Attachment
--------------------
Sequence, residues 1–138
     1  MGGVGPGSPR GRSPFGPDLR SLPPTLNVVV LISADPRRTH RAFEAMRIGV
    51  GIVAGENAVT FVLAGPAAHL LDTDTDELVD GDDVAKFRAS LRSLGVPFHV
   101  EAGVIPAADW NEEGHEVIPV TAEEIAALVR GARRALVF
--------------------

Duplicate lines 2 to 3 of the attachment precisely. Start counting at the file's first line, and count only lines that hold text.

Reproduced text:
     1  MGGVGPGSPR GRSPFGPDLR SLPPTLNVVV LISADPRRTH RAFEAMRIGV
    51  GIVAGENAVT FVLAGPAAHL LDTDTDELVD GDDVAKFRAS LRSLGVPFHV